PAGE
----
Savour these days, relish them,
Roll them around your curious minds
Like the last precious taste of your favourite wine
And sip them slowly, for they will not come again.
At least not in our lifetimes;
These Golden Days are the fading rays
Of our race’s First Space Age, for when this year is done
We will finally have seen all Sol’s classic worlds,
Walked the planetary path from Mercury to Pluto
To stand on the Kuiper cliff’s crumbling edge
And stare out into the abyss beyond,
Knowing there will be nowhere else to go
For The First Time until we punch through the Oort’s
Icy wall and push out to the stars themselves.
Even then it will be centuries, perhaps,
Before we see the strange new worlds and moons
Of those other suns; before we marvel at the sight
Of their Atlantics and Everests bathed in alien light.
We have been spoiled of late,
Taken miracles and wonders in our stride.
In my fleeting half century I have seen
Our solar system’s greatest secrets revealed –
On Titan, the dried blood stains of foul and fetid lakes;
An impossible Death Star moon skating silently
Around looming Saturn’s glittering rings;
Iapetus’ Stegosaur spine, slopes airbrushed black and white
By Nature’s and Time’s patient hands.
Flying by asteroids and satellites
Has become common to us as one amazing place after another
Has been ticked off Mankind’s “Must See” vacation list.
So easy now to take for granted the thrill of gazing down
From high above Mercury’s poles and spying splashed-comet ice
Glinting far below, or watching the Sun rise behind mighty
Caloris Basin’s bulls-eye peaks.
Through SOHO’s sentinel eyes we’ve spied
Countless sublime comets sweeping around the Sun,
Flaring phosphorous bright before fading away,
Their phantoms fleeing into the endless night.
And albatross-winged Rosetta has led me, crunching and crumping my way
Across the boulder-strewn icy plains of one comet
(With a double-barrelled Russian name I still cannot pronounce)
Before I bounced with Philae over its cratered, pitted face…
My greatest joy? An easy choice.
For almost a dozen years I’ve roamed John Carter’s Mars,
Walking proudly beside my beloved Opportunity
As she roved its rusty landscape, standing on craters’
Crumbling edges, crossing deserts of cinnamon sand.
Since her landing, my hand has rested on her back every sol,
As her weary wheels turned and turned and turned,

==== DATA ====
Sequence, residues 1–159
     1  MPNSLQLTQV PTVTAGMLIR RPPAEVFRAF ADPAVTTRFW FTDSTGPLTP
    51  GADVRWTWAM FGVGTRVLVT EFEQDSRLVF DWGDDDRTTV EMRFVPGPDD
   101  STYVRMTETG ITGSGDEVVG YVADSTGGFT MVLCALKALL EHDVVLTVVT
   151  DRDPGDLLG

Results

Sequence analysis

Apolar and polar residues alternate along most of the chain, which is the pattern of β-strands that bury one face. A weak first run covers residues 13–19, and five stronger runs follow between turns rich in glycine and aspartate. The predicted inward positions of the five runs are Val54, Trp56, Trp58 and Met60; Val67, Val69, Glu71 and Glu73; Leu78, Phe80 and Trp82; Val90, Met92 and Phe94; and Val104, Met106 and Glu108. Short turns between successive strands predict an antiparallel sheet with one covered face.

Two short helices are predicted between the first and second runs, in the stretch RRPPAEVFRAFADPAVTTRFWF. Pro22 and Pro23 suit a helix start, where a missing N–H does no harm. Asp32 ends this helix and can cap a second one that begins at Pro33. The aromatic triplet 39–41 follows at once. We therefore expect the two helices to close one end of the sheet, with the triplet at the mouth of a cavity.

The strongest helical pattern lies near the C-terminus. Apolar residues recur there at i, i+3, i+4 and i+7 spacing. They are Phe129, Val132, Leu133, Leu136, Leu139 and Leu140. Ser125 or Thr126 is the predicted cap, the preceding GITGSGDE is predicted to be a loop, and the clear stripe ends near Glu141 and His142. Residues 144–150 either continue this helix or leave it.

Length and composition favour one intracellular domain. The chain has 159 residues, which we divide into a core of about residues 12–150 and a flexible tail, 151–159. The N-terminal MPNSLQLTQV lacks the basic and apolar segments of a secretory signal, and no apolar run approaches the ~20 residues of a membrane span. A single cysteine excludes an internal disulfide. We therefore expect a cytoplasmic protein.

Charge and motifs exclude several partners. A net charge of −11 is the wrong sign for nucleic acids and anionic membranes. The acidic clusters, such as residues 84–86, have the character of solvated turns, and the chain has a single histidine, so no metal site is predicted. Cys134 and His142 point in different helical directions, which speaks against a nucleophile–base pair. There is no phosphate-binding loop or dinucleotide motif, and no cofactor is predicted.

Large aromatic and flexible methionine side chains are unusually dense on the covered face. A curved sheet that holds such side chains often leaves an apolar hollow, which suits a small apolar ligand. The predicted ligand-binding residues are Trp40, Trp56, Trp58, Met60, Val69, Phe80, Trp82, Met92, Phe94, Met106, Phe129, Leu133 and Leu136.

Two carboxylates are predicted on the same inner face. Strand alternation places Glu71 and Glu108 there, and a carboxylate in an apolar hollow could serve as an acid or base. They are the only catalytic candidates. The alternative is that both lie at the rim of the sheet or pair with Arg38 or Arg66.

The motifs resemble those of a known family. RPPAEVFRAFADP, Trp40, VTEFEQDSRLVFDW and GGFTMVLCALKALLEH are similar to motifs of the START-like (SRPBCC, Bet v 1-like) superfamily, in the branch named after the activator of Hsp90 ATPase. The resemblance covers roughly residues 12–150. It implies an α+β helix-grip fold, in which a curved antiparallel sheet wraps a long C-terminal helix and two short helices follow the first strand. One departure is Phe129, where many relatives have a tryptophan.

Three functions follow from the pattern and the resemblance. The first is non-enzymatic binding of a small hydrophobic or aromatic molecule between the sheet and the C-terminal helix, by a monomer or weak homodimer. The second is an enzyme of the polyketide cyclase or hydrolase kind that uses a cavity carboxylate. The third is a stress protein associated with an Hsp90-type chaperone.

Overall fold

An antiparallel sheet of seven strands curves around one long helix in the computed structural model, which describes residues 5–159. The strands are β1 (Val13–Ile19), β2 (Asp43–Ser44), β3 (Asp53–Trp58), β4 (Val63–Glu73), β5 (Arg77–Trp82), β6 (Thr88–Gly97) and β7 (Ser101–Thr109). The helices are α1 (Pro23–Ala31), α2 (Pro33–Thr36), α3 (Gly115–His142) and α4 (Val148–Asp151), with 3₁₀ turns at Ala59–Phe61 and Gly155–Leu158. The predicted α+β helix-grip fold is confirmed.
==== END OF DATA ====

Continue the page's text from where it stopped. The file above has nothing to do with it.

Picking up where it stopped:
Churning up the ancient fines,
The Evening Star of Earth burning lantern-bright
In her purple Gothic twilight,
New horizons falling like dominoes as she drove
Across the Red Mars I fell in love with as a child,
Long before Robinson brought its wild and noble lands
So vividly to life for everyone else with his terraforming tales…
All these things I have seen and more
But now – The Barren Years loom.
With Chapter One of our restless race’s fearful
Walk through space’s dark forest almost complete
There is nowhere left to see for the first time,
No magic “What the **** is THAT?” moments lie ahead
To Tweet or blog or post or Google + about.
Instead, an Interlude, adventure put on pause,
Mankind making a cup of tea in the adverts between
Don’t Miss episodes of exploration.
What next Giant Leap
Will fill our sleep with dreams of greatness?
The first bootprints on Mars you say?
Ha! That is still, as it has always been,
“At least 30 years away”.
The first landing on Europa then?
When will Musk, ignoring Monolith Makers’ advice,
Melt through that enigmatic moon’s Eton Mess ice
To look for life hiding in the slush below?
The first touchdown on Enceladus’ snow?
Perhaps… perhaps Chinese cameras will return those Turner-hued views
Of its geysers’ plumes glowing softly in the sky one day…
But all an age away, an age,
If they happen at all; if our civilisation does not fall,
Its science smothered beneath blood-soaked black banners,
Its head hacked off and held aloft by ignorance and hate,
Sightless eyes left staring sadly at the stars
It now will never reach…
One thing is certain.
In years to come, when Terra’s flag unfurls
On worlds whirling around other stars,
When Earth’s satellite-saturated sky
Is spattered with points of light
Explorers and colonists call “Home”
They will envy us for living at this time,
Wish that they had been alive
When Voyagers took flight us on their glorious Grand Tour,
When Aldrin was “too busy” to take pictures
Of Armstrong bouncing across the Moon
And twin Vikings landed on Barsoom…
How they’ll envy our first glimpses
Of Ganymede’s frozen coffee plains,
Of Ceres’ strange white spot and all the other wonders
We see in our glossy magazines.
Standing on mountain peaks light years away
They’ll shake their helmeted heads in disbelief,
Trying to imagine how it felt to soar above Titan’s
Hoarfrost-shored lakes with our smartphones,
Wondering how we could sit on juddering buses and planes
Roving fabulous Mars on our tablets without even batting an eye…
So, savour these days, relish them.
For us, they will not come again.
© Stuart Atkinson 2015